How Unconditional Love Transformed His Marriage

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When we talk about a husband’s unconditional love, what exactly does that look like? How does a husband love a wife who lives with family of origin scars, thinks he wants sex too often, conveys distrust toward him, provokes him to see if he’ll get angry or violent and uses words purposely to hurt him deeply?

Few situations rise to this level of difficulty, but read about this husband’s discovery. Read what he found out about the core of his wife.

Could it be that many wives feel their disrespect is best explained as their way of protecting themselves from the fear they have of never really being loved?

How does a manly man endure this? How does a man’s man bring his wife under conviction so that she softens and stops these sabotaging behaviors?

Read on.

We received this letter from a man whose unconditional love transformed his marriage:

“My wife and I married full of hope and love like every other couple. But my wife had scars from growing up with parents who didn’t unconditionally love her and with boyfriends who were only looking for one thing. Deep down in her soul, she wasn’t sure if I would be different, and during our first year of marriage, she put me to the test.

“Was I the man she thought she married? She never verbalized this, but years later it came out in counseling.

“She tried to manipulate and control the relationship so she could protect herself, but also to see if I would stand up to her and what that would look like.

“Would I react violently, would I give up, or would I stand by my word and stick it out? Hurtful words were her most lethal weapon, which she used with deadly precision.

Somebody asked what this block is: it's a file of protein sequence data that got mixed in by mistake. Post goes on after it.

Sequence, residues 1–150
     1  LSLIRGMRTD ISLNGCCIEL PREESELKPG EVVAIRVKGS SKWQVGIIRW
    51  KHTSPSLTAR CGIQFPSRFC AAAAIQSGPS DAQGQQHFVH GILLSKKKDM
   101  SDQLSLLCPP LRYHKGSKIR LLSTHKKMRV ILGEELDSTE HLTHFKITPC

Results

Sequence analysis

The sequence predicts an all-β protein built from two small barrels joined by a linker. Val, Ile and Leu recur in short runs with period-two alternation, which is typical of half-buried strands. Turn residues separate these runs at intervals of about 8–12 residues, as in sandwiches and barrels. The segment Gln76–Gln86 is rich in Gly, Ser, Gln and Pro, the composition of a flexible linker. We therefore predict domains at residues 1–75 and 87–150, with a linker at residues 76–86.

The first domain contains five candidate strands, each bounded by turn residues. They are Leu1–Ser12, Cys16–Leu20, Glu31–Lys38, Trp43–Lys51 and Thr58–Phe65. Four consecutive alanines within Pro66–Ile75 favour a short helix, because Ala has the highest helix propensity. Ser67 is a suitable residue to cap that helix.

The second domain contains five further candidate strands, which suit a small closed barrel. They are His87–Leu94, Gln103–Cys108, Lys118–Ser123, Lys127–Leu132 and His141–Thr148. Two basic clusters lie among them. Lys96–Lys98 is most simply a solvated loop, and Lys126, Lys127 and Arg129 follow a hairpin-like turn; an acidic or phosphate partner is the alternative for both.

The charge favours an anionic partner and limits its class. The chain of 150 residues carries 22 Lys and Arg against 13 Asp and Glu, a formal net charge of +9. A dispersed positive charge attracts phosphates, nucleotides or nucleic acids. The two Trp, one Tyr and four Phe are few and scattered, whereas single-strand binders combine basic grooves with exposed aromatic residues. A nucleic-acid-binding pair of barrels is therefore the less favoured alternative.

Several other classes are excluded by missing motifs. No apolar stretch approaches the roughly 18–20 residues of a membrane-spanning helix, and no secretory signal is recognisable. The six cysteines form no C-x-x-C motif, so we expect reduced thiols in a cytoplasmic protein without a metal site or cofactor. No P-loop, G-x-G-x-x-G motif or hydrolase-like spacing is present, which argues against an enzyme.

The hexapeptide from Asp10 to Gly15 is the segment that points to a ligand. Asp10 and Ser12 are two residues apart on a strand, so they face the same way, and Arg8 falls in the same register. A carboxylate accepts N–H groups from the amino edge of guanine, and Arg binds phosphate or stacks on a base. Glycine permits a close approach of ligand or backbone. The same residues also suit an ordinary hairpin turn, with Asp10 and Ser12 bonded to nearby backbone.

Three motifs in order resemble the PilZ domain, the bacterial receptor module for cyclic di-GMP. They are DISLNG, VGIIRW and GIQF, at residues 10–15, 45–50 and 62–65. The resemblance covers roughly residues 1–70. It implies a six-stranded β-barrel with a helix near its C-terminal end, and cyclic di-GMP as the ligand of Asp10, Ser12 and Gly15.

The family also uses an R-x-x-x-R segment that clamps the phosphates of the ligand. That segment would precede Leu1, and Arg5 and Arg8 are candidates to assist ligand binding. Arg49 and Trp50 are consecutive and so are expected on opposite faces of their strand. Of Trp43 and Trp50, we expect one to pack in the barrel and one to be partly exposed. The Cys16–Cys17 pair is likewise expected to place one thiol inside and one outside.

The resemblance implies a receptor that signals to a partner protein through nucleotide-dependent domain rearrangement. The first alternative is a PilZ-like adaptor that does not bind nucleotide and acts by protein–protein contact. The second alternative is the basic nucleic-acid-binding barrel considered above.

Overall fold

“I came into the marriage with too high expectations for our sexual relationship, but she felt sex made her feel “used,” and the less the better. This was an area where my wife tested me a lot (more subconsciously than on purpose). We’d have a great evening together, talking and having fun, and even fooling around, but when we got to the bedroom, it would end, and I was expected to not be disappointed, or else I only wanted one thing.

“This was really emotionally painful for me because making love to my wife was a part of my love for her, but she used it as a weapon against me. I had never been hurt to the core of my being like that before.

“But I had given my word, and divorce was too easy. I was also a Christian, and I knew that God’s Word commanded me to love my wife no matter what.

“I’m no saint, and I made my share of mistakes in our relationship, but one thing I did do right was to love my wife even when she didn’t deserve it.

“Some men may say, “I just can’t do that,” and to be honest there were times when I was so empty and hurting inside that I really didn’t have any love left to give my wife. It was at those times that I would approach God and pray something like this:

‘Father, I hurt so bad. You know what’s going on in my marriage. You heard all the hurtful things she just said to me. I didn’t deserve that. You know my heart, and I know she is hurting too. She NEEDS my love, but it just isn’t there in my heart right now. So, Father, I’m asking for Your help. I need You to fill my heart with Your love, so that I can go back in there and love her as You’ve asked me to.’